BE PROACTIVE, CONTROL FEES

Perhaps the most common question business clients seeking representation ask is “How much is this going to cost?”  Although I can quote my clients an initial retainer fee to serve as prepaid attorneys fees for services rendered, how much a litigation will cost the client cannot, in most instances, be answered with any accuracy at the outset of a case.

There are several steps, however, that you as a client can undertake in order to keep your litigation costs low:

  1. Be proactive with respect to your litigation. Your attorney is your advocate, not your servant.  Ask your attorney if it would be helpful to provide them with a detailed factual summary at the outset of the litigation, and do so in a computer accessible format.  This will allow the attorney to use your facts in demand letters and other legal documents.  Another proactive step clients should be aware of is providing your attorney, at the outset of your litigation, with access to relevant documents and/or persons with knowledge relevant to the litigation.
  2. Schedule dates and times for follow-up calls. Like everyone else, attorneys are busy people.  However, attorneys usually charge their clients on an hourly basis.  Therefore, the time you spend with your attorney, whether on the phone or in person is costing you money.  By scheduling dates and times with your attorney as opposed to calling them out the blue, you give yourself the proper time and opportunity to compile those questions that are important to you.  More importantly, you allow your attorney to prepare properly for your meeting or telephone call and in most instances service your needs in one meeting or call as opposed to piecemeal calls and meetings.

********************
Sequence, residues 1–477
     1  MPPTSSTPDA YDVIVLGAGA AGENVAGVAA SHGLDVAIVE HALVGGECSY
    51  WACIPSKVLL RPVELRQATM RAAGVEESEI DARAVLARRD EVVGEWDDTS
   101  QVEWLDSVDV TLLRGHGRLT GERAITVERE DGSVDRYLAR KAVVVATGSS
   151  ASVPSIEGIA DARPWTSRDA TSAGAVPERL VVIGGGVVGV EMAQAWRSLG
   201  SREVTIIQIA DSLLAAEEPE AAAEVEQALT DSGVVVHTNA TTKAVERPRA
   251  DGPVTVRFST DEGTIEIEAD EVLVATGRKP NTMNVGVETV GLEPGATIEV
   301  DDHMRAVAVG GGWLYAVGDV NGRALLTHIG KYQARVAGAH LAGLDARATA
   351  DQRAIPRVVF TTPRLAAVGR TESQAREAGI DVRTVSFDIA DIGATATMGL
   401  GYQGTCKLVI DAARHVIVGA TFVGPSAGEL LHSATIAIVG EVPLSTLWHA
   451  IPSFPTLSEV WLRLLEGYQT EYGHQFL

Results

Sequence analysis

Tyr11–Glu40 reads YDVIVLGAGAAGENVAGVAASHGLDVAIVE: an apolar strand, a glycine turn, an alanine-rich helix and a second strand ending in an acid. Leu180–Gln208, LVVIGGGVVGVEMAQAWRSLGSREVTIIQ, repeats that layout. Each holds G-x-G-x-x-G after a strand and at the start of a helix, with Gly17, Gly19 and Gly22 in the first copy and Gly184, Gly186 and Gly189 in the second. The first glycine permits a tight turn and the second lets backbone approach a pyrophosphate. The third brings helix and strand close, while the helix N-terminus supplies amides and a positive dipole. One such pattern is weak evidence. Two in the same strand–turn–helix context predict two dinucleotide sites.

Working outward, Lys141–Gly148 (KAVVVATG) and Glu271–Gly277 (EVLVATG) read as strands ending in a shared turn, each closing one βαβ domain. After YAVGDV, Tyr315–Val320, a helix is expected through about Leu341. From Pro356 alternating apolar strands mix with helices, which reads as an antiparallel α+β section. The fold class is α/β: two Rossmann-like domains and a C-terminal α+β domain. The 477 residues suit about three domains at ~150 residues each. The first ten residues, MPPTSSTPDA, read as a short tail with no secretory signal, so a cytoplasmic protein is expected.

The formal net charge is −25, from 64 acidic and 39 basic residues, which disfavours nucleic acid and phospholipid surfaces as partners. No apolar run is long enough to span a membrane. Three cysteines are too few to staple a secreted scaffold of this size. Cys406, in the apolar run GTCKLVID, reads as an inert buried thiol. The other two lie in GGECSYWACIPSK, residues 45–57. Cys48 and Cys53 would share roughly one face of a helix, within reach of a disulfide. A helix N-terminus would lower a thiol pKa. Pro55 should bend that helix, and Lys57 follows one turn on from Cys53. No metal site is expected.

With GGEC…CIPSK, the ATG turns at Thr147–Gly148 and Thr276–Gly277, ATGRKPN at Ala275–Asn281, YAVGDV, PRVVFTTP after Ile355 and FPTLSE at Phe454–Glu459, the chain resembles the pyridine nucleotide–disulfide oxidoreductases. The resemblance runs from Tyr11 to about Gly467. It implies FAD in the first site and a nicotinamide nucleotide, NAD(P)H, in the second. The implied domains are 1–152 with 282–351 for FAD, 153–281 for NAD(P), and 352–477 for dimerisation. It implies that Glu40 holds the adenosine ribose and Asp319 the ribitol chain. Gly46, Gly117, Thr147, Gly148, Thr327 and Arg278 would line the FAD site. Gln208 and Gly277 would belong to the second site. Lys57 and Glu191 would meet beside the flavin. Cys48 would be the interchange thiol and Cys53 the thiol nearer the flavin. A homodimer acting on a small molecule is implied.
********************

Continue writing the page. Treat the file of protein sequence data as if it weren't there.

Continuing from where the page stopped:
3. Know your rights. In the United States, litigants are not automatically entitled to recover attorneys’ fees if they are successful in litigation.  Attorneys’ fees are usually only recoverable by a successful party where provided for in a contract or other written agreement between the parties, by statute, or by Court Rule.  You should ask your attorney when you enter into a retainer agreement whether your claim includes possible recovery of attorneys’ fees.

To learn more helpful hints about how to litigate in a cost effective manner, feel free to contact me at cheyer@scuramealey.com or call me at (973) 696-8391 ext. 222.